To hear all the above answers and more… Join us for our Healthcare Reform Seminar.
E-mail email@example.com for more information.
Ten simple ways which may help you lower stress, boost your positive mood and have more energy:
1. Make your bed: This small ritual can help create a calm environment for you in your bedroom. A soothing bedroom is believed to help you sleep better.
2. Pack a snack: Prepare a healthy snack to take to work or school with you. Fruit, unsalted nuts, low-fat cheese or certain yogurts make a healthy snack and when you get hungry later in the afternoon, you’ll be ready!
3. Clear your desk: From stray papers to coffee mugs, clutter can make you lose focus and curb productivity. De-clutter and you will feel more organized and will concentrate on the task at hand.
4. Listen to music: Several studies have found that listening to music can help lower blood pressure, reduce stress, and boost mood. The right music has the power to change your attitude and improve your day.
5. Sniff a lemon: For a quick de-stressing trick, turn to an underrated sense — your sense of smell. A substance found in lemons, may turn down the classic “flight-or-fight” stress response. Not into lemons? Try basil, juniper or lavender – these scents have been found to lower stress.
6. Stretch: Just a few easy moves will do. Stretch your arms overhead. Raise and lower your shoulders a couple of times. Stretching can help improve your circulation & flexibility and ease the tight muscles that come with stress.
7. Meditate: It’s easier than you may think. Here’s how: Settle into a comfortable position in a chair or on the floor. Then follow your breath – in & out — for a few minutes. Meditating daily, even just for a few minutes may help tame any stress.
8. Keep a gratitude diary: Take a minute every day to write down what you’re thankful for — big or small. Being thankful for what you have can make you appreciate all the positives in your life.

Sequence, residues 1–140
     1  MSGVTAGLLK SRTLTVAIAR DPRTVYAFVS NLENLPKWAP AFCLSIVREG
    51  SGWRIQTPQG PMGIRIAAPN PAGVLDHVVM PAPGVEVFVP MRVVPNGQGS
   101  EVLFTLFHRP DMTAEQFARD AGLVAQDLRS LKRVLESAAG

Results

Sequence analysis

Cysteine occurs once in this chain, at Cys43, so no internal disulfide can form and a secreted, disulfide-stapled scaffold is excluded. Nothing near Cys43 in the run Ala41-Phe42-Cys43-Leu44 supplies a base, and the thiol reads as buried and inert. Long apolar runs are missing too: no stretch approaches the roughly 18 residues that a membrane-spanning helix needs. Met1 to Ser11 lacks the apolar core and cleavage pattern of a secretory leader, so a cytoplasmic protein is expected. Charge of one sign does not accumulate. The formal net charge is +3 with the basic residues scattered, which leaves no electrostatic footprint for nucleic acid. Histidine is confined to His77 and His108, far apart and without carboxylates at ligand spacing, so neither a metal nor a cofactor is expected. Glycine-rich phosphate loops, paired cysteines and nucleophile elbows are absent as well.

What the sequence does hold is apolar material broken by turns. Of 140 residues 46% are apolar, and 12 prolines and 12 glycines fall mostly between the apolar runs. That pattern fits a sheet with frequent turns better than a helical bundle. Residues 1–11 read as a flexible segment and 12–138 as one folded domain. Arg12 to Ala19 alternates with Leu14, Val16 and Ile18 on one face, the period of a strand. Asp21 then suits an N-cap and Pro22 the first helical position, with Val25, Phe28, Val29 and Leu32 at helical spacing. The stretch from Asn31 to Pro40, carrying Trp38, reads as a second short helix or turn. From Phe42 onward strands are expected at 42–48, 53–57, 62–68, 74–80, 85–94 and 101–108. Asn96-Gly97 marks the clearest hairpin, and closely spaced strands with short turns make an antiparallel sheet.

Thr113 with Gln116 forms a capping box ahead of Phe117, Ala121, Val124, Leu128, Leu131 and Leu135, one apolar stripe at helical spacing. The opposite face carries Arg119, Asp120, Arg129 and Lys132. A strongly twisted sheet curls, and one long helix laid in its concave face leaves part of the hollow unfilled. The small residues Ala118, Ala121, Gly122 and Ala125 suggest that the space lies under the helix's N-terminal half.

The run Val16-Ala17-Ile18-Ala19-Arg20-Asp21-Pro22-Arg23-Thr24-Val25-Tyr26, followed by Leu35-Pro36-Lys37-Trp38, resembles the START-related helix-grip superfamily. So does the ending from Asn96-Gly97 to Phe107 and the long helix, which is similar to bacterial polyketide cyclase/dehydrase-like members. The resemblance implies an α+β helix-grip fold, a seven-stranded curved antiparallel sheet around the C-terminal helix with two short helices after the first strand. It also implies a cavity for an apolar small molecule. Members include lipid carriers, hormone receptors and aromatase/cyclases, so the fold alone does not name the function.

9. Turn off your electronics: Take a little break – from all your gadgets. So log off — of everything — every now and then.
10. Prioritize: Make a list – figure out what really matters, what can wait, and what you can skip. Work your way down the list, handling your top priorities first.
This time of year, employees will be invited to various Company sponsored or promoted events such as summer picnics, sports outings and charitable events, i.e., Habitat For Humanity, Hurricane Sandy Response and Recovery, etc. There are many great purposes for these events, such as for the enjoyment of employees, vendors, clients and their families, assisting the community and/or those in need. While these types of events can help boost morale and increase relationships, the employer could be liable for any accidents or injuries resulting from these events.
There are ways to minimize a Company’s risk while also being a good community Partner and they are:
- Explain, in writing, that all of the above type of events do not require attendance or participation by the employee and that they are totally voluntary.
- If an employee chooses not to attend or participate in the event then such decision shall not have any effect, positive or negative, on the terms and conditions of the employee’s employment with the company.
- It is beneficial to have an employee sign a release acknowledging they are aware these events are voluntary, not a requirement of their job and no work should be performed at the event.
- In cases where alcohol is available or served, employees should be reminded to be cautious and to control their consumption and the consumption by their guests.
Lastly, some of the events may entail physical exertion or be in extreme weather and it is always advisable to remind employees that they may want to consult with a physician before participating in the event.
Social activities are a great morale booster to all involved but do require a little preventive action on your part. If you would like a sample best practices’ notice and release for participants to sign then please contact the Human Resources’ Department.
CSI is providing the above blog in furtherance of its mission to provide its Clients and Friends with the best practice for their human resource (HR) needs. CSI does not provide legal, insurance, tax or financial advice of any kind. No portion of this blog or any prior correspondence, written or verbal, is intended to provide legal, tax or financial advice. You are advised to consult with competent counsel on all legal, insurance, tax or financial issues.